Orientalism . . . or, What's in a name?
On the front door of what was the Faculty of Oriental Studies in Cambridge, I have just spotted a new notice. Next to the stern warnings about not leaning your bicycle against the windows (a hopeless prohibition in Cambridge), is the following equally stern announcement: “Name Change. We are now known as The Faculty of Asian and Middle Eastern Studies”.
I am sure that this has been the subject of long discussions. And I can see why they wanted to change. The word “Oriental” now reeks of unacceptable “orientalism”, a nastily Western construction of any culture slightly to the east: decadent, effeminate but at the same time slightly menacing. (It’s what the Greeks felt about the Persians, and the Romans in their turn about the Greeks, and so on westwards.) How, for a start, do you explain to a group of new first year undergraduates what an “Oriental” Faculty is all about, and why it doesn’t exactly mean what they might think it does? More to the point, how do you get them, in the first place, to apply to something with a name like that?
It’s a bit like having “Women’s Studies” being called the “Department of the Second Sex”.
All the same, I can’t help feel that it might have been more courageous and confident to sit it out with the old name. There would, after all, be some good company in that project. The Oriental Institute in Chicago shows no sign of turning itself into an Institute of Asian and Middle Eastern Studies. And the School of Oriental and African Studies likewise seems happy enough with the title.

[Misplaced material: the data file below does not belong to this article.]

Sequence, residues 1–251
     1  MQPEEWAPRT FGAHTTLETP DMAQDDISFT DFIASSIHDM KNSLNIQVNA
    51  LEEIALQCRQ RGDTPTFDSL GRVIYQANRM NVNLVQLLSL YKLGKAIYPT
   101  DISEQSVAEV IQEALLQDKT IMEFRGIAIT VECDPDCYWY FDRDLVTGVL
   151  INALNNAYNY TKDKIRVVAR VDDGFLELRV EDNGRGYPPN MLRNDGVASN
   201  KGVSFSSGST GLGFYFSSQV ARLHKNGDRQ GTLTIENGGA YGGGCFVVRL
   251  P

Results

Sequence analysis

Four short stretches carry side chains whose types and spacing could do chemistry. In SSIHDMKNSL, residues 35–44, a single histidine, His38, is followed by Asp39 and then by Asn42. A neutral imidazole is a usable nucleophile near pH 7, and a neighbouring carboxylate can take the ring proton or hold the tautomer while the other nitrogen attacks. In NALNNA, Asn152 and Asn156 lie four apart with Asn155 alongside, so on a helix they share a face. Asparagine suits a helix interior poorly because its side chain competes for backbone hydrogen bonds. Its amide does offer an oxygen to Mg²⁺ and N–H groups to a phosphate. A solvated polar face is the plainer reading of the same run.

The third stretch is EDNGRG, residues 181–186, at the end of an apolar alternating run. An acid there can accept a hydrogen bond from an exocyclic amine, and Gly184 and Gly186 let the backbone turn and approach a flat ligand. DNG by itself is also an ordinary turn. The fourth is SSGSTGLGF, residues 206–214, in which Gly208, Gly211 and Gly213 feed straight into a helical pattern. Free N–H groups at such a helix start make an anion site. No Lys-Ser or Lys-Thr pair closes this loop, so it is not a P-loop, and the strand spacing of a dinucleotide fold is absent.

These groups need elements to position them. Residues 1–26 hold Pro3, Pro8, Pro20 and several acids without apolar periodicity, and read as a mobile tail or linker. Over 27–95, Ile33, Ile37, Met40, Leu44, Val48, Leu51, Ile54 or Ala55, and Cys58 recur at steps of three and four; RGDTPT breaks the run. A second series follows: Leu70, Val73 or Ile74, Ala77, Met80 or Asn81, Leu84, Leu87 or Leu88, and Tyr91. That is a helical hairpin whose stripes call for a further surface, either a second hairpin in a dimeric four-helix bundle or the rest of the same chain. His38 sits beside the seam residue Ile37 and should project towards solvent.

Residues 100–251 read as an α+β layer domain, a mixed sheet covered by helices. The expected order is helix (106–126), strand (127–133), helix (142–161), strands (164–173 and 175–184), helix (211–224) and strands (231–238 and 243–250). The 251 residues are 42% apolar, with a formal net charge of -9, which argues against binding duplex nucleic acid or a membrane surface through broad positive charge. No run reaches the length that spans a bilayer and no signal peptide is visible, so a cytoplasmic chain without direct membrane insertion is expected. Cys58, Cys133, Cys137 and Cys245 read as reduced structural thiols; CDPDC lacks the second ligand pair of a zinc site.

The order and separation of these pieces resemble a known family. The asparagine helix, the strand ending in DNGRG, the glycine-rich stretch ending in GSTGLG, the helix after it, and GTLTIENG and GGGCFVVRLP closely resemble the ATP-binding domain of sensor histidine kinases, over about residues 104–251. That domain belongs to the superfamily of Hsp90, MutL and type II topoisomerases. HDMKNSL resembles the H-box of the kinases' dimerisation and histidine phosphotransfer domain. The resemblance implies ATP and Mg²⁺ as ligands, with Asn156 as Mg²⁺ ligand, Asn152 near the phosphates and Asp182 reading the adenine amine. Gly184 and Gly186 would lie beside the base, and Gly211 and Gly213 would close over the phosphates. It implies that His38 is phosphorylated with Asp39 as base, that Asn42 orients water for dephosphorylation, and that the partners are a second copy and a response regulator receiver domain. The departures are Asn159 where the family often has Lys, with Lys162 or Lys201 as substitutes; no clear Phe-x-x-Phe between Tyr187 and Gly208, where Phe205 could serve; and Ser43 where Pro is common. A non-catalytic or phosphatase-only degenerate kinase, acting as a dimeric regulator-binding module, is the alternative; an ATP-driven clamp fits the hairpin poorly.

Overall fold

Wouldn’t the cleverer strategy have been to try to reclaim the adjective “Oriental” as an acceptable label again?
There are all kinds of example of this sort of problem. One recent commenter on this blog took me to task for using “BCE” instead of “BC”, and I must say I think he had a point. I’ve tended to fall into this politically-correct habit recently. But, no, “BCE” doesn’t honestly seems any less “Christian” in its emphasis than the old BC. If BCE stands for “Before the Common era”, then (unless you change the counting system) isn’t it simply admitting that Christian time IS the Common era. And why should that satisfy any other of the world religions?
In my defence, I’d like to say that haven’t given in with the word “pagan” – which I continue to use of traditional Greek and Roman religion, despite the fact that it was a disapproving Christian coinage hardly ever used by “civic polytheists” (as we’re supposed to say) themselves.
I haven’t got my head entirely in the sand here. It’s not that I think that the precise words we use are unimportant. But being blown by the political wind is not always the best political course of action. Isn’t it better, and smarter, to reclaim the language of oppression. Look at the word “black”. When I was a kid, you were told off fiercely if you were ever caught using it. Some version of “negro” was the order of the times…which would now sound like a terrible bit of colonialism. The same is true too for “queer”. When I was a student, it was enough to get you thrown out of the college bar. Now we all use “queer theory”.
So, wouldn’t it have been smarter to rebrand “Oriental”, not change the name into a temporarily acceptable periphrasis?